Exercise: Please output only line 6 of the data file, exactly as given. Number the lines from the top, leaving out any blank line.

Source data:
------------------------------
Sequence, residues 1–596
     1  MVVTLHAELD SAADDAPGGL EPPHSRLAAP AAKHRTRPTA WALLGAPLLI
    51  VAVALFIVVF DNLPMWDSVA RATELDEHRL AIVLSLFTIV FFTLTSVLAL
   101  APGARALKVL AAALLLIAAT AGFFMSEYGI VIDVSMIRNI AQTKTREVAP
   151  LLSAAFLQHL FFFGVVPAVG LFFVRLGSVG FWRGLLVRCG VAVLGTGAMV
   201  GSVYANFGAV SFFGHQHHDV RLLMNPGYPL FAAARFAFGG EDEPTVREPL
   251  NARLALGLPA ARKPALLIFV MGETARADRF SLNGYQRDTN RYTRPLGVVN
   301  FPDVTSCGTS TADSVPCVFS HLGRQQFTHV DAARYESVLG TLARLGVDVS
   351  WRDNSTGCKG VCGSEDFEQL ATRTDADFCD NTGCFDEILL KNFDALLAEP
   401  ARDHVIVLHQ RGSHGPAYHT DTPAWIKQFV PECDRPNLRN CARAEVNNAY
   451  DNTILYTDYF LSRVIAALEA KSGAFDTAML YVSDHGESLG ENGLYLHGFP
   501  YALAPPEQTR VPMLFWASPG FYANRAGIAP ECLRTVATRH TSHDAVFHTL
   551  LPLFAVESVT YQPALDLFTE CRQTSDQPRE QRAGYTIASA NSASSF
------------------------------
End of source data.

   201  GSVYANFGAV SFFGHQHHDV RLLMNPGYPL FAAARFAFGG EDEPTVREPL